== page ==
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Salvador Perez, Group #6: 2003 Exam Thematic Essay: Identify features of the eighteenth-century Agriculture Revolution and analyze its social and economic.

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Presentation on theme: "Salvador Perez, Group #6: 2003 Exam Thematic Essay: Identify features of the eighteenth-century Agriculture Revolution and analyze its social and economic."— Presentation transcript:

1 Salvador Perez, Group #6: 2003 Exam Thematic Essay: Identify features of the eighteenth-century Agriculture Revolution and analyze its social and economic consequences. Critical Trigger Words: Identify (classify); Agriculture Revolution (Def. changes); analyze (show trends); social and economic consequences (list end results) Two Step Direction Phrase: Focus on

2 Introduction: Three Step Arc BP: New farming methods and economic problems NF: Mention shifts in economic/social status Dir: Focus on the events that took place and economic struggle

3 Introduction: The expansion and advancement in agricultural farming resulted in one of the most critical moments during the eighteenth century; the Agricultural Revolution. A chain reaction of events occurred during this Agricultural Revolution, as it engendered change in the social and economic status in the lives of many people in Europe. This essay will focus on the events that took place during this time period as well as its ramifications towards society and its people as food and money became scarce.

4 Body One Focus: How the Agricultural revolution began State where it began (Netherlands) and how Name check important contributors to the Agricultural Rev. Indicate the significance of the contributors

5 Body One: Due to a shortage of land that was needed to nourish a growing population, the Agricultural Revolution began in the Netherlands. The experimentation with new crops, such as clover and turnips, had increased the supply of animal fodder and restored the soil quickly. Many people contributed to the Agricultural Revolution, such as British men by the names of Jethro Tull, Robert Bakewell, and Charles “Turnip” Townshend. Tull’s methods permitted land to be cultivated for longer periods of time without having to leave it fallow. Bakewell pioneered new methods of animal breeding that produced more and better animals as well as more milk and meat. Townshend had instituted the practice of crop rotation, no loner needing to leave a fallow field.

6 Body Two Focus: Enclosure replaces the open-field system State what enclosure is How did it end up as a downfall to society? What was the result of the unsuccessful enclosure method?

7 Body Two During the first half of the eighteenth century, England’s communities of cultivators had made communal decisions in regards to what crops would be planted and had shared common pastures for the grazing of livestock. By the second half of the century, rising wheat prices resulted in landlords systematically enclosing their lands to use the land more rationally and to gain a bigger commercial profit. However, it brought turmoil to the countryside. Landlords fenced the common land which had functioned as common pastures and riots usually ensued. Though issues resulted, the introduction of maize and the potato was an important achievement from this time period.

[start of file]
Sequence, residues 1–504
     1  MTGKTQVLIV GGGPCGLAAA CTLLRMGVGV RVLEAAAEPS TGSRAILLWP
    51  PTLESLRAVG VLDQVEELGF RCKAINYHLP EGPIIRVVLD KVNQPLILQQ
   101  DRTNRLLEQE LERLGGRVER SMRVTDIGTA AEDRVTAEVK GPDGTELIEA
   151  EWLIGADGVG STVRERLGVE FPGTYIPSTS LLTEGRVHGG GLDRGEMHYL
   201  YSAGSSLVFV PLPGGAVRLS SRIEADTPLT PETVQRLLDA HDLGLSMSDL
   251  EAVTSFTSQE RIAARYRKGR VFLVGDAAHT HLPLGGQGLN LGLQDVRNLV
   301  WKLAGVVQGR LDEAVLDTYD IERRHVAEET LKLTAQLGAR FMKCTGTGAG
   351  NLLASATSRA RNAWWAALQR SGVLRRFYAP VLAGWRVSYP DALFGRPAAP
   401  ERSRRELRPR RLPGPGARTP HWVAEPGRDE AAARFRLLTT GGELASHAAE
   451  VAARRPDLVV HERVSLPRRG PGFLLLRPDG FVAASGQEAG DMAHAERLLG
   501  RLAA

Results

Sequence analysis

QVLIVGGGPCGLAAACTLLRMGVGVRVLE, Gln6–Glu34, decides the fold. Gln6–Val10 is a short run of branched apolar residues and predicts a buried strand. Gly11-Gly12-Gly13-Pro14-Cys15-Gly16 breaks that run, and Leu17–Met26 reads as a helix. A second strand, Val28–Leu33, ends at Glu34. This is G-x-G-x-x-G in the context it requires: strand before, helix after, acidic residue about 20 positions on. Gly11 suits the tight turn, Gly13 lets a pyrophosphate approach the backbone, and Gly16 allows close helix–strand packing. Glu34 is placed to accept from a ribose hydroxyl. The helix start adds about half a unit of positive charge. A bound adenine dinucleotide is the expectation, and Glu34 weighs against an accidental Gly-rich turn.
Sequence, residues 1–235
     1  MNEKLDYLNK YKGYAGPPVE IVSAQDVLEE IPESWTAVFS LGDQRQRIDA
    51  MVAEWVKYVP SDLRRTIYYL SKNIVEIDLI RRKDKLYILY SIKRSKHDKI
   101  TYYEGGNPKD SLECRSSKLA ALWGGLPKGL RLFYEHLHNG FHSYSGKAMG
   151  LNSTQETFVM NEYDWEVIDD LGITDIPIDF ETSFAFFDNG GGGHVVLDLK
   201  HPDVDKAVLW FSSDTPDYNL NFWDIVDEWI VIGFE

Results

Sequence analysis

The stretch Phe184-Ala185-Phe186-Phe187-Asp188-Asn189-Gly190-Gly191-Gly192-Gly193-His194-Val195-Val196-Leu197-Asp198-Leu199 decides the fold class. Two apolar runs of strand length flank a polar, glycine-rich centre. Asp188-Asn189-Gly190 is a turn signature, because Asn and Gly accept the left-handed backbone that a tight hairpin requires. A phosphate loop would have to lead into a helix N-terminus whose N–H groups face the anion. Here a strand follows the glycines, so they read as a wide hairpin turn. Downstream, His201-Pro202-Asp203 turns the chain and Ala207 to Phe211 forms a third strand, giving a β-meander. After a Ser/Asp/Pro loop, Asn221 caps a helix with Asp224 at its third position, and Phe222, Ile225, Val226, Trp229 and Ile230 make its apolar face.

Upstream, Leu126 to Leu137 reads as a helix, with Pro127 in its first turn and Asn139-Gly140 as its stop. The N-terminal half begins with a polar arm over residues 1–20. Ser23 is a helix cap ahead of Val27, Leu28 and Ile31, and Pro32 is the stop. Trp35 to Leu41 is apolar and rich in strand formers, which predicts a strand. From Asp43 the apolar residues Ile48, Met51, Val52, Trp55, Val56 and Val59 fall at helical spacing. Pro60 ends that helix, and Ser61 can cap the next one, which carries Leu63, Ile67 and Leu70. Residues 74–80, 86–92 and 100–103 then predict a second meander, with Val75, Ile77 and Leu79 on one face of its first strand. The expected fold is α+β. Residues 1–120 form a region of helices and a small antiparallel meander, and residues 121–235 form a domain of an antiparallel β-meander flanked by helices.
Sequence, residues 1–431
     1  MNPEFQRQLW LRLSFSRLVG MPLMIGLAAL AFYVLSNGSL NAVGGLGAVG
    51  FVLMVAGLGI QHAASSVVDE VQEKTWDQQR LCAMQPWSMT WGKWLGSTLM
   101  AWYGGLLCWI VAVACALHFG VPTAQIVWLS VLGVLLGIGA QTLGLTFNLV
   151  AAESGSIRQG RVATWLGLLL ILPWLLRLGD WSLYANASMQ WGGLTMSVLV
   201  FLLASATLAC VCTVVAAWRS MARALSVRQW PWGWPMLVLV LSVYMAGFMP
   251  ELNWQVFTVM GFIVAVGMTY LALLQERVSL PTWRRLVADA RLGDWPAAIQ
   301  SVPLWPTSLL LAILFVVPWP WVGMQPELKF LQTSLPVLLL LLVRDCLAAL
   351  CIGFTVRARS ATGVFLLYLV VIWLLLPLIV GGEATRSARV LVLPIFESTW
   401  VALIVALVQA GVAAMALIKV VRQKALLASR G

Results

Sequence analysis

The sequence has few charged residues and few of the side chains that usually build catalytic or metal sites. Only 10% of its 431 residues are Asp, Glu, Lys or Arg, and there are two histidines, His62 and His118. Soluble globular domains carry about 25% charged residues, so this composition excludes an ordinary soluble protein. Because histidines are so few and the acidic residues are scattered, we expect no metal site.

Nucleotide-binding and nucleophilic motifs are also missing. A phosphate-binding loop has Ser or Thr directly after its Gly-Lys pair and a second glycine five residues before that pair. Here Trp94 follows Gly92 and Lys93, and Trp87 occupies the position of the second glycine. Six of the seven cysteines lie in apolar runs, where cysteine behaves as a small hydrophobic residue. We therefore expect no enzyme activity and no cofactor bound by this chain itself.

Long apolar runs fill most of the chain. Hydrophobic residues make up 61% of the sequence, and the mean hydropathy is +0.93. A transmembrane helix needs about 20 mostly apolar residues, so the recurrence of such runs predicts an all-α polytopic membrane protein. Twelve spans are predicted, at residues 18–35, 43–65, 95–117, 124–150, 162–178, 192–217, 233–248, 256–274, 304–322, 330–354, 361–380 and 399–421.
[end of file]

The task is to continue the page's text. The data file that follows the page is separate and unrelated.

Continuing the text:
8 Body Three Focus: population inflation Focus on what the actual increase in population was What caused this increase in population? Identify the outcomes of this population increase

9 Body Three: Soon, the population began to increase as the years went by. The population has risen from 110,000,000 in 1700 to 260,000,000 in The concept of “supply and demand” soon kicked in as the need to feed the on-going expanding population caused the price of food to rise. This drove innovation in agriculture to meet the demands. Death rates soon began to decline in many urban and rural areas and little diseases were common in the eighteenth century.

10 Conclusion: Looking ahead... Recap briefly how the Agricultural Rev. changed society The rise of population Long term effect: migration

11 Conclusion As the wealthy land owners were able to maintain their financial stability, they caused the series of innovations in farm production, otherwise known as the Agricultural Revolution. Population steadily increased, yet food supply became an important issue. As this population inflation lead to a new demand for food, jobs, and service, many ended up migrating to cities in search of better jobs and pay checks.

12 Miscellaneous: Essay is really a three-step process: Introduce the Agricultural Revolution and its significance Demonstrate its impact on society as it applies to both the working class and the upper class Explain its affect on the nations as a whole


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